It has almost been a decade since Chief Charles A. Taku’s and my client, Major F.X. Nzuwonemeye, was acquitted on appeal at the International Criminal Tribunal for Rwanda (ICTR). (See my previous posts here, here, here)
Yet, in 2022, he has now served two years more than the full twenty year sentence imposed by the Trial Chamber in 2011 – for crimes for which he was acquitted by the Appeals Chamber in 2014.
Major Nzuwonemeye, along with other ICTR persons who were acquitted or completed their sentences, was living in a “safe-house” in Arusha, under the care and custody of the U.N. (see, “Treatment of the Acquitted….” ). Then, everything changed. He was transferred to a “safe house” in Niamey, Niger in early December 2021.
But Major Nzuwonemeye is still not free.
He, and seven other acquitted or released ICTR persons, are currently living under house arrest and without any papers in Niger. A 9th person, the acquitted Minister Jerome Bicamumpaka, refused to go to Niger, and sought medical care in Kenya; unfortunately, he has recently died.
How does such a a travesty of justice continue, and become more egregious (if that is even possible!) as the time passes?
The eight persons in Niger (four of whom were acquitted; four of whom were released having served their sentences) have been waiting between almost ten and eighteen or so years for a country to accept them. Some persons who were acquitted or released succeeded in seeking asylum in other countries. However, from the very beginning, the only country that expressed willingness at each UN Security Council meeting to accept these men was Rwanda. Relocation to Rwanda was and continues to be a death sentence, since the ICTR men were part of the former government or its military, and President Kagame is still waging the war which resulted in the events of 1994.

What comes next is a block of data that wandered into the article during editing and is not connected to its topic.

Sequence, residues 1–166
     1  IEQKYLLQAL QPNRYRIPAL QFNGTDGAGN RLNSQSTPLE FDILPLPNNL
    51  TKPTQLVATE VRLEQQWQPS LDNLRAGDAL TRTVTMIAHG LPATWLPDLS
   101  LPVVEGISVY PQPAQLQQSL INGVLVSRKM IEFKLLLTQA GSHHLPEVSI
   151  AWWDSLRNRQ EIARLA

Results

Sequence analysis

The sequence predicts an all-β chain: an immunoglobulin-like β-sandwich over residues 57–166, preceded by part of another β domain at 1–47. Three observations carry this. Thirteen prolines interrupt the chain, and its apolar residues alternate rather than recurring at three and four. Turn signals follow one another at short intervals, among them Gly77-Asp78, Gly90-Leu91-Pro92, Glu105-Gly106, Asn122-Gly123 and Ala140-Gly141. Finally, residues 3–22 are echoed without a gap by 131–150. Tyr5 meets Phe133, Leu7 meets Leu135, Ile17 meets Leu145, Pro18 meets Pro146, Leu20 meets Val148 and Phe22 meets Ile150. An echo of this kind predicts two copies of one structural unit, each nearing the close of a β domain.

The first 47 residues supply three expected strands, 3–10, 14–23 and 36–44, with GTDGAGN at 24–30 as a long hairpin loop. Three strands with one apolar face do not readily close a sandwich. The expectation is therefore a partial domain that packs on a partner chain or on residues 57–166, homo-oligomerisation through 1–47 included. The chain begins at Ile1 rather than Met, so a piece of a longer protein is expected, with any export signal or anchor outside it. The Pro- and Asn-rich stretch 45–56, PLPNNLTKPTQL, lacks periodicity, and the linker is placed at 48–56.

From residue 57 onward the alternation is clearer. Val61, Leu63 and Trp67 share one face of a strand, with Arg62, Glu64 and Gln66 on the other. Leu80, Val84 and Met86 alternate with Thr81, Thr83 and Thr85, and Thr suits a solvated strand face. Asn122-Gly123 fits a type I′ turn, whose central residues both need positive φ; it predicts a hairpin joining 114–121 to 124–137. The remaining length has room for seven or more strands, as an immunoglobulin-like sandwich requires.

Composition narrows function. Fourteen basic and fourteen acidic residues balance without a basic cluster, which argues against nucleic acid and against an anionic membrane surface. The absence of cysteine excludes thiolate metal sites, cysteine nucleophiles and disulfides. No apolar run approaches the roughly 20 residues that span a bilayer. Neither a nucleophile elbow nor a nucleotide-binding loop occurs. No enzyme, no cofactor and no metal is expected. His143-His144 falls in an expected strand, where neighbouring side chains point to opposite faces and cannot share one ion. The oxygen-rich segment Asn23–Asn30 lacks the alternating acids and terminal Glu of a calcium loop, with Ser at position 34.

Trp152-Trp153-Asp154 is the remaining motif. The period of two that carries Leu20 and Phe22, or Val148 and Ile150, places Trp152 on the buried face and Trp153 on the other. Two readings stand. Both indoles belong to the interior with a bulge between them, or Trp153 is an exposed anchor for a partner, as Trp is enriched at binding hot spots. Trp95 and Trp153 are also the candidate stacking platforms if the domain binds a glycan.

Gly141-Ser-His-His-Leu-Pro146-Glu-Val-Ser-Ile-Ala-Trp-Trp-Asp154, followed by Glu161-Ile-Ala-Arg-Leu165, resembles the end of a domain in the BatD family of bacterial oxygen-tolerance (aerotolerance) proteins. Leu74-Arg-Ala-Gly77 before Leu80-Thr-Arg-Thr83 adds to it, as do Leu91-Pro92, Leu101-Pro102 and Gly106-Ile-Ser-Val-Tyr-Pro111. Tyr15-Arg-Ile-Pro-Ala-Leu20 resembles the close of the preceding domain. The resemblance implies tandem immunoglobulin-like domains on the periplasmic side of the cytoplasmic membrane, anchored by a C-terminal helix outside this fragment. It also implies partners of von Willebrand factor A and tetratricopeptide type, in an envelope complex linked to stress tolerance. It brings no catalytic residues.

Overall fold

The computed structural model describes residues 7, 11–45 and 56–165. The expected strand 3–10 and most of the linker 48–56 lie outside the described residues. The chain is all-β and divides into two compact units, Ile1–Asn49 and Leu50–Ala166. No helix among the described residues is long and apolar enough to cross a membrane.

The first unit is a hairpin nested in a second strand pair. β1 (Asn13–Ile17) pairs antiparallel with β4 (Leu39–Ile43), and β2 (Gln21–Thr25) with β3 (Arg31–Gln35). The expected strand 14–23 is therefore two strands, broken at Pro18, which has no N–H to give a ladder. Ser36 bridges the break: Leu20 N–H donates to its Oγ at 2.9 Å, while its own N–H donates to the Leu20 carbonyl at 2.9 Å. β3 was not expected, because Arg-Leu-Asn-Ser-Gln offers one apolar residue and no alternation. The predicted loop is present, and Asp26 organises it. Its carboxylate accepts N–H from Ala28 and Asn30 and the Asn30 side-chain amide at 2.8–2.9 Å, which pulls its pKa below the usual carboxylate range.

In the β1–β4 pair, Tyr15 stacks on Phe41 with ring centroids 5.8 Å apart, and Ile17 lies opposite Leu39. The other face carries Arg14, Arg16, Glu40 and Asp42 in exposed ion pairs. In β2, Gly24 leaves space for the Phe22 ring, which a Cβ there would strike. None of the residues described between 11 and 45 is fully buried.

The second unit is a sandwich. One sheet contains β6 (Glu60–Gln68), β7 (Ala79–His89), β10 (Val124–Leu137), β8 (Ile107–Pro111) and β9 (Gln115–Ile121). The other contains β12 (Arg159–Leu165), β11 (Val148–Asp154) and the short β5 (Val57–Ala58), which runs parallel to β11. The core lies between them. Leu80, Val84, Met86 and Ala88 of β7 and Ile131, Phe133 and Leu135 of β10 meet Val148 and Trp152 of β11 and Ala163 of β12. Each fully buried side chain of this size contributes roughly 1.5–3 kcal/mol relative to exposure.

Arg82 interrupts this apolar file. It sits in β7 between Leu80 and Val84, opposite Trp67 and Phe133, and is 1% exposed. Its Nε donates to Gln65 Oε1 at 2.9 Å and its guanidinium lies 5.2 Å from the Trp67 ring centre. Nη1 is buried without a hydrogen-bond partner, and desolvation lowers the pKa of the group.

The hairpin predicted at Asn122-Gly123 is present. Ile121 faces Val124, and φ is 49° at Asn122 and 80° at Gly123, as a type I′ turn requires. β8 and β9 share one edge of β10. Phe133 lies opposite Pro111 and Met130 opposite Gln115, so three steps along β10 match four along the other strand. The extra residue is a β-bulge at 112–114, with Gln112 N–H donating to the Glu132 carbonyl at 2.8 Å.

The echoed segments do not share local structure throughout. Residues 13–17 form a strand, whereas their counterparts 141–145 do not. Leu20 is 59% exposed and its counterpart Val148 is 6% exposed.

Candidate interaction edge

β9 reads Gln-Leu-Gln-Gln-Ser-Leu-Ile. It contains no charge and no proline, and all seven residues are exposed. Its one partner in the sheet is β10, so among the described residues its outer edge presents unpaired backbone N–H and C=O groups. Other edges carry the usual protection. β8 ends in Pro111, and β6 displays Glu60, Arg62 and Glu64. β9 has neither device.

Timeline for Niger
On 15 November 2021, a Relocation or Resettlement Agreement was signed between the Government of Niger (GON, by the Minister of State and of Foreign Affairs and Cooperation) and the Mechanism for International Criminal Tribunals (MICT), by the Registrar, who is an Assistant Secretary-General of the UN) (see “Agreement” here).
On 5 December 2021, the 8 ICTR persons were deported to Niger, as per the Agreement.
Three weeks later, on 27 December 2021, the GON issued an Expulsion Order, to take effect in 7 days, which was 3 January 2022. No reasons or specifics were given in the order. It simply said: pour les raisons diplomatiques.
But, the men still sit – in a legal limbo – in Niamey, Niger. They have no information about their fate. Their papers have not been returned, they have no passports, and they are under Niger guards.
Lawyers for the men, in Niamey and other countries, won a thirty day extension of the initial Expulsion Order. However, efforts to remove the men to safety have been unsuccessful. Tanzania refused to take the men back, and efforts to find a country where the men can live freely have produced no results.